How to Plow a Driveway Like a Pro
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For many, snowy weather is a welcome change from the typical sun, rain, or clouds — especially when it’s the first snowfall of the year. A snowstorm can mean a day off for the kids to go sledding, or it can transform your commute into a crisp, calming white vista.
But snow — especially on the roads — also has several downsides, like hazardous road conditions, uncomfortable temperatures, and the never-ending shoveling.
Whether you’re going to work or play on a snow day, if your home has a driveway, chances are you’ll have to shovel or plow.
When plowing a driveway, using the right equipment and method helps facilitate all that snow removal.
But what are some excellent tricks for snow plowing driveways? What's the best way to clear snow from a long driveway?
Let's look at some snow plowing tips so that you can plow a driveway like a pro.
The hazards of driving in snow and ice
When you encounter snow and ice on the road, your tires may have less traction, so it’s always important to drive with extra care.
Snow and ice can cause increased stopping distances, slippery acceleration, reduced steering response, and loss of control when navigating corners.
Not only does snow lead to a loss of grip, but visibility can also be minimal during a winter storm.
Snow tires are a great way to ensure safe navigation of snowy roads. They have deep "siping" in their tread that's especially effective for winter conditions.
Paying attention to the appearance of the road surface can also help you estimate traction. An icy sheen can indicate slippery conditions ahead. Usually dry, fresh, fluffy snow offers better traction than slushy, wet snow because its crunchy texture allows tire treads to lock in and push your vehicle forward. If you're unsure of available traction levels, stopping in a safe area and checking the road surface can give you a better idea.
You can use several safety strategies when driving in the snow.
In slippery conditions, smooth inputs on the accelerator, brakes, and steering wheel will maximize the limited traction available, preventing the tires from breaking free and sliding. You can also monitor the warning lights for the ABS, electronic stability control, and traction control system to see if you need to use more subtle inputs or slow down. But always look further up the road than usual for any hazards that might appear in the distance.
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How to plow your driveway
Like anything, developing your own techniques for snow plowing driveways takes time to master. Here are a few tips to help you get started.
Plan ahead of time
Whether you're a novice or a seasoned pro, you won’t regret planning ahead, as it will help prepare you for when the big snow hits.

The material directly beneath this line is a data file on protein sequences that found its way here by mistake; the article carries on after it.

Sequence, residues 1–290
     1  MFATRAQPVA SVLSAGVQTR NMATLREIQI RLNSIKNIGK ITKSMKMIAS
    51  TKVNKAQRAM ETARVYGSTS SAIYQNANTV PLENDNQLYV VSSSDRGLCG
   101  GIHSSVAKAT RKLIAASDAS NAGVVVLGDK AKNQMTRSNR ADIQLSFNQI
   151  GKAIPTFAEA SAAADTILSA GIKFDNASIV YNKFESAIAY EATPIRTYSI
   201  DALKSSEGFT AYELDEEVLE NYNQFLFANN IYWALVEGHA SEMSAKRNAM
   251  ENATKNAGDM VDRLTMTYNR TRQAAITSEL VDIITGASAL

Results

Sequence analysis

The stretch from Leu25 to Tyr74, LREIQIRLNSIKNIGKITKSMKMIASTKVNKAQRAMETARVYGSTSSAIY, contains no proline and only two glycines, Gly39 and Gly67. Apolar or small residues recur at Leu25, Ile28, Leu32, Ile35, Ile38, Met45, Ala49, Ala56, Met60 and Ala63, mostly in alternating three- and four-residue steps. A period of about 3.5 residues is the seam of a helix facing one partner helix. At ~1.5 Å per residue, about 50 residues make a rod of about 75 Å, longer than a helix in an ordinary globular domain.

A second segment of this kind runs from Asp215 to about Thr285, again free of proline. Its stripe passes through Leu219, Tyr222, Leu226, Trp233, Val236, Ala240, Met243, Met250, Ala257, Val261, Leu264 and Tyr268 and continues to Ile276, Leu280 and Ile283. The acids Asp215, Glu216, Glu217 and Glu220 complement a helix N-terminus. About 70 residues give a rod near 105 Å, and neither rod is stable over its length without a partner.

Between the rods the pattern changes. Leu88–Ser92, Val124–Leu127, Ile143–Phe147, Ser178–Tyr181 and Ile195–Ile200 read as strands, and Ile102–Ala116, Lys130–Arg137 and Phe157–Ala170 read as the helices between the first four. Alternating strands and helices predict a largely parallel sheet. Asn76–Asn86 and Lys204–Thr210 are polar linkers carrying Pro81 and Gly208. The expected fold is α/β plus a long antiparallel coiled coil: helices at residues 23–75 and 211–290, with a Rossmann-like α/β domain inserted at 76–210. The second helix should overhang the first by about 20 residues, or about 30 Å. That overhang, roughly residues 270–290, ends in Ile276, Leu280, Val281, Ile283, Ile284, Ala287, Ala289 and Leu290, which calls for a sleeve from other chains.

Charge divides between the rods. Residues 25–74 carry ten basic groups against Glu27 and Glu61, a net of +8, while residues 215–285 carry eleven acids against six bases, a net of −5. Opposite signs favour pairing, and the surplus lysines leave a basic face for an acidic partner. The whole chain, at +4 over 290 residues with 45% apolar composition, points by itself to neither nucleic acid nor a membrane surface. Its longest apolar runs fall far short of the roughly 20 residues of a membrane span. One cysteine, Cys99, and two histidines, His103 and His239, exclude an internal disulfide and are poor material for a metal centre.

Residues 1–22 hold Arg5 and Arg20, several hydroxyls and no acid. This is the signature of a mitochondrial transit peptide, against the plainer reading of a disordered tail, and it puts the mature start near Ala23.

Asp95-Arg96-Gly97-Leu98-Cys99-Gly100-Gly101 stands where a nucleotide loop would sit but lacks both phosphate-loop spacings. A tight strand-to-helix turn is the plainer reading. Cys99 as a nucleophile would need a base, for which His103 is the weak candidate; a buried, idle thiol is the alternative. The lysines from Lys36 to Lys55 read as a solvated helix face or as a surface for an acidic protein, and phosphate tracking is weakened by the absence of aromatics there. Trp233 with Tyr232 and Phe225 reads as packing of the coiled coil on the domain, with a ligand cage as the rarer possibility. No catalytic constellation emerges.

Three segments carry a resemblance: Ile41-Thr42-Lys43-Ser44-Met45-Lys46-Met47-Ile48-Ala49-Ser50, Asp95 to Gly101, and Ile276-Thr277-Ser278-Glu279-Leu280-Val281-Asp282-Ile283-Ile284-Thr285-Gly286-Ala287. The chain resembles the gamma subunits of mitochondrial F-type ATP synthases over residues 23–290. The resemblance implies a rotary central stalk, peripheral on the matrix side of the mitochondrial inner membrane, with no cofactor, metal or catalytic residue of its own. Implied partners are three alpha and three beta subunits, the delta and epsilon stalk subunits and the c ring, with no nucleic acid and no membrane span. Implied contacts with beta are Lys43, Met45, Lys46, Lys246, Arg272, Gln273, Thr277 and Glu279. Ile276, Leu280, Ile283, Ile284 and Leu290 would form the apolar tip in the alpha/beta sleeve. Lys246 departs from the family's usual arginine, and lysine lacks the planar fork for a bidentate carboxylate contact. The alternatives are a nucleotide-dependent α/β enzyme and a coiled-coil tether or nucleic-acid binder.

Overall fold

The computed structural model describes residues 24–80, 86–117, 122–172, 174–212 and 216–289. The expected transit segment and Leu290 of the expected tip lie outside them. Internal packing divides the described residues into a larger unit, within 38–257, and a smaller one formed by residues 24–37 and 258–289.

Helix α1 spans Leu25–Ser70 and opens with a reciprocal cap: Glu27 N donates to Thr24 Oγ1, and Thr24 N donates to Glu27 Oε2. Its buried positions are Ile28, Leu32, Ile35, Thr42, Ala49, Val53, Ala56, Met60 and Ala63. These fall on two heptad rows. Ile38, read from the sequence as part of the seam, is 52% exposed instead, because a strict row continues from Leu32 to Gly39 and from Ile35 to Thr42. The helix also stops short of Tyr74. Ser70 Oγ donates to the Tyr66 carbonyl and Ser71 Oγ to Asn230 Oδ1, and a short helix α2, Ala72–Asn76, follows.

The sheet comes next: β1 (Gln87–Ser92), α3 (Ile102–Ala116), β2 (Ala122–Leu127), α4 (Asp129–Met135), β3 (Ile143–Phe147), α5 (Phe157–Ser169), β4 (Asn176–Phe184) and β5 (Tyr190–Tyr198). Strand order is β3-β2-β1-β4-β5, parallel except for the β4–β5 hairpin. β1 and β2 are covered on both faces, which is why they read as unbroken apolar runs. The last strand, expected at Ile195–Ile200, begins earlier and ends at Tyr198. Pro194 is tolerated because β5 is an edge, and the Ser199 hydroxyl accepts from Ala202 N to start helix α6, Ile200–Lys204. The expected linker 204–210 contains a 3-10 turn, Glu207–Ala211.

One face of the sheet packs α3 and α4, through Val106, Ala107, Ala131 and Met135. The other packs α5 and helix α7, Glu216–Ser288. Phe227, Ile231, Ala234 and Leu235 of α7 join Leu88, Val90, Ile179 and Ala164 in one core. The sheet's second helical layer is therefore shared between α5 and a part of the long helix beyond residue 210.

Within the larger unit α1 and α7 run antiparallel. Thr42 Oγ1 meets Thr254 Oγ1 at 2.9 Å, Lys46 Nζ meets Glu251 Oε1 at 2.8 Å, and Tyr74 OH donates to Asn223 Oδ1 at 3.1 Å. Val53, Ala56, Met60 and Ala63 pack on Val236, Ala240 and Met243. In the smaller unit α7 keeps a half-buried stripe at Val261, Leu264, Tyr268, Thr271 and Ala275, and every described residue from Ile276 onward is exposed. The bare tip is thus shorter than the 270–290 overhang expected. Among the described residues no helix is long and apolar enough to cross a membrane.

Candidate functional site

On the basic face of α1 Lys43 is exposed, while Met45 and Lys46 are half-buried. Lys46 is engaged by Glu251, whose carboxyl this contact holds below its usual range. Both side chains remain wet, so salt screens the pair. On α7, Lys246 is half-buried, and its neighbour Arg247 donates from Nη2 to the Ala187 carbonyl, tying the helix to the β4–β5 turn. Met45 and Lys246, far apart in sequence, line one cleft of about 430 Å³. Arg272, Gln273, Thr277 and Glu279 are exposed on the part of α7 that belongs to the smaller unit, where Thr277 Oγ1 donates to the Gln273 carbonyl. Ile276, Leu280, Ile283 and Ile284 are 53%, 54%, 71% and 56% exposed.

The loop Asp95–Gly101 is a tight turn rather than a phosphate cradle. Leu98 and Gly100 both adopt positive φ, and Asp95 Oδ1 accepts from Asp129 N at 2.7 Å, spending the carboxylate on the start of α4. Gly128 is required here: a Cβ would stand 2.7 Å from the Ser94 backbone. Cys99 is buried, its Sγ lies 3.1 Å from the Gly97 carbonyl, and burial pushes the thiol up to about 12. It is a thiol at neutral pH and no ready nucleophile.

Staking the driveway provides you with a roadmap so that you don't plow over the rest of your property while you're in the thick of it. Begin by positioning a stake by the sides of your driveway's entrance. Then add more stakes along each side every 10-15 feet (more for twists and turns). That way, even if a storm produces significant snowfall, you can see where your driveway begins and ends. And if you plow at night, having reflectors on the stakes can boost visibility.
With pickup trucks being ideal for snow plowing, a staked driveway helps account for their substantial size.
Plow during the storm
The more snow that accumulates, the heavier a load you'll have to plow. And heavy snow might harden, making plowing even more laborious. If more than a few inches of snow are in the forecast, plowing during the storm decreases your workload.
Waking up in the early morning hours during a heavy snowfall may seem like a slog, but it pays off later when you don't have a foot of snow to remove.
Prepare for other plows
Even if you thoroughly plow your own driveway clear, you may later discover a mound of snow waiting at the entry. That's a possibility if your neighborhood has a professional snow removal contractor.
To prevent that from happening, plow away a sizable chunk of snow from the right side of your driveway. That way, when the plowing service passes, the snow has somewhere to go instead of your driveway.
Back dragging short driveways
If your driveway is straight and not too long, back dragging is an excellent method for snow plowing.
To back drag a residential driveway, drive toward your house as far as possible, lower the plow, then back away to the street, pulling snow along the way.
While many modern vehicles feature backup cameras to go with the side mirrors, it's best to rely on your own eyes when back dragging a driveway. Pay particular attention to whether there are animals or people in your path.
After each pass, designate a specific area or areas to make snow piles that won't inconvenience your neighbors or oncoming traffic. Be sure to find a spot with enough room, as you may have to plow several times during a storm. Don't forget, snow melts, so consider where it will drain and take care to avoid mailboxes, electrical boxes, drains, and fire hydrants.
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April 15, 2022
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